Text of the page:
French lawsuit

Wikimedia avoids liability in French lawsuit

In a decision announced last week and proclaimed a "landmark", the Wikimedia Foundation prevailed in a lawsuit brought by three people over alleged defamation on the French Wikipedia.

The plaintiffs were attempting to have the Wikimedia Foundation declared responsible for an article in the French Wikipedia that identified them as gay activists. The statements, which also referred to one of them having difficulty adopting children because of his activism, were introduced by an unregistered editor and subsequently removed. The plaintiffs sought to hold Wikimedia liable for € 69,000 in damages based on a claim of defamation and invasion of privacy.

Taking the position that the Wikimedia Foundation had been notified of the problem, one of the plaintiffs claimed to have contacted the foundation to complain. Efforts to locate a message from the plaintiffs failed to yield fruit, and Wikimedia's position was that the disputed content was removed promptly once it was notified. While not reaching the issue of whether the statements were legally defamatory, the judge noted that any damage was mitigated by the removal of the material from Wikipedia. He concluded that Wikimedia "acted promptly to cease giving access to the content once it became aware of its character."

The decision came Monday, 29 October, from Judge Emmanuel Binoche of the tribunal de grande instance (the court of initial jurisdiction) in Paris. The ruling was based on a French law known as the LCEN (Law for the Security of the Digital Economy). Somewhat like Section 230 of the Communications Decency Act in the U.S., the LCEN distinguishes Internet hosts from content publishers, and provides some protection from liability for hosts who are unaware of illegal content. By classifying Wikimedia as a host, it would relieve the foundation from the burden of actively screening for defamatory material.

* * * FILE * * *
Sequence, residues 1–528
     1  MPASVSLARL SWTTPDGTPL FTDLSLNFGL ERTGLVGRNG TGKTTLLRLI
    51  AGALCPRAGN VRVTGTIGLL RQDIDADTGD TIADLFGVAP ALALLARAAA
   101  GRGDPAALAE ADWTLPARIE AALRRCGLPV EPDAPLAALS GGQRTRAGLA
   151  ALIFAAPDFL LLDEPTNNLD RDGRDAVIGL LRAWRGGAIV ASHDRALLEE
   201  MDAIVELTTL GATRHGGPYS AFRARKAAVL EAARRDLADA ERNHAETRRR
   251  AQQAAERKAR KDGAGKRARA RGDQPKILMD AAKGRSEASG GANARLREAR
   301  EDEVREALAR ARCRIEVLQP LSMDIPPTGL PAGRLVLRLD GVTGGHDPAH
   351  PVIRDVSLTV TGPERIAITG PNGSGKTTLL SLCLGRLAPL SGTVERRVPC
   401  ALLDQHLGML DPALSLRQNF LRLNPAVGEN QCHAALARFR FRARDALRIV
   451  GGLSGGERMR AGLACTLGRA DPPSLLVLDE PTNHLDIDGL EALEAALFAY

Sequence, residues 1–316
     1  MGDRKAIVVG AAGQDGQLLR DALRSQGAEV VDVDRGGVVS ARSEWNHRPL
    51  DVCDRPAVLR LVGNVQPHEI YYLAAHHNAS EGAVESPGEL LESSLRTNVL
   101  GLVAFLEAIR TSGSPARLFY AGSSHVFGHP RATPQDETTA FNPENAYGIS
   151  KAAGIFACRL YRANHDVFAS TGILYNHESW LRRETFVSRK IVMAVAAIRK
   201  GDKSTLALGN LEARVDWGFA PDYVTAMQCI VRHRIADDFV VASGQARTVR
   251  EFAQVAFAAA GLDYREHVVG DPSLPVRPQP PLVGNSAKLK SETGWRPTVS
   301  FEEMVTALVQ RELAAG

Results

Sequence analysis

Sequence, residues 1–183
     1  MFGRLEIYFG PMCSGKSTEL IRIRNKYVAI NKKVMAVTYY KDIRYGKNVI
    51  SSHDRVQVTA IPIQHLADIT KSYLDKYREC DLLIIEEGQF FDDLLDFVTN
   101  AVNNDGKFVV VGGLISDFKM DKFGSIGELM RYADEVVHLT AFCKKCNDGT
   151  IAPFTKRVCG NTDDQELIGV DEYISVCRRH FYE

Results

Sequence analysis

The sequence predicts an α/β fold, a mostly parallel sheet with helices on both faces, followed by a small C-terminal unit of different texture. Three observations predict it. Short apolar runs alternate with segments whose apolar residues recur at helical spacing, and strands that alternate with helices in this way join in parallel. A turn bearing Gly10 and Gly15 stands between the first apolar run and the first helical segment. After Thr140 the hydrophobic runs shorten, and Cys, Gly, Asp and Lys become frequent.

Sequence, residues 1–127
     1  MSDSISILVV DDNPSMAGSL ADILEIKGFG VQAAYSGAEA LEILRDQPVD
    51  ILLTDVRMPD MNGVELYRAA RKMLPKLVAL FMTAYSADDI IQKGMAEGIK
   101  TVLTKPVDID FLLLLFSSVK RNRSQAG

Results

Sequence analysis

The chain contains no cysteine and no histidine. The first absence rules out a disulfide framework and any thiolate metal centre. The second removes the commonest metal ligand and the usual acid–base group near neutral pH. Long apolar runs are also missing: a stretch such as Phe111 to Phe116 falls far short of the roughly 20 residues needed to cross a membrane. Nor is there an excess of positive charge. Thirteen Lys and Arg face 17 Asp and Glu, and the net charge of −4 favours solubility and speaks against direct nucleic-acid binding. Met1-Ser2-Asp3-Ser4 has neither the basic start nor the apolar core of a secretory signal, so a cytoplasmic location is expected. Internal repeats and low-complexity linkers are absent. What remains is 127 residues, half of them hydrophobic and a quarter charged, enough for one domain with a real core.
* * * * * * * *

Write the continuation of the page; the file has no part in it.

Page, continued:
Some news reports pointed to the case as the first European litigation involving the Wikimedia Foundation. However, it should be mentioned that the local chapter for Germany, Wikimedia Deutschland, prevailed in a lawsuit last year over whether the name of a deceased individual could be published in Wikipedia. In the United States, Wikimedia seems to have avoided direct involvement in litigation so far, although Wikipedia edits have been the subject of lawsuits involving other parties, such as one involving a Nebraska school, and a professional golfer complaining about defamation. The Wikimedia Foundation was included as a party in a wide-ranging lawsuit filed in Canada by a Green Party activist earlier this year, with such companies as Yahoo and Google as co-defendants, over postings about the plaintiff on Wikipedia and elsewhere; Wikimedia is seeking to have the matter dismissed.

Also this week:
  • French lawsuit
  • WikiWorld
  • News and notes
  • WikiProject report
  • Features and admins
  • Technology report
  • Arbitration report

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    Where was this mentioned as "landmark" other than digg? This is hardly new. ~ UBeR (talk) 11:29, 17 November 2007 (UTC)[reply]

    Quite a bit of the media coverage used language to this effect, partly because of statements from attorneys in the case. It may not sound all that new to those in the US, which already has some caselaw surrounding the issue, but in France it seems to have been closer to a case of first impression (to the extent that applying common law concepts to a civil law jurisdiction is useful). --Michael Snow (talk) 04:56, 19 November 2007 (UTC)[reply]


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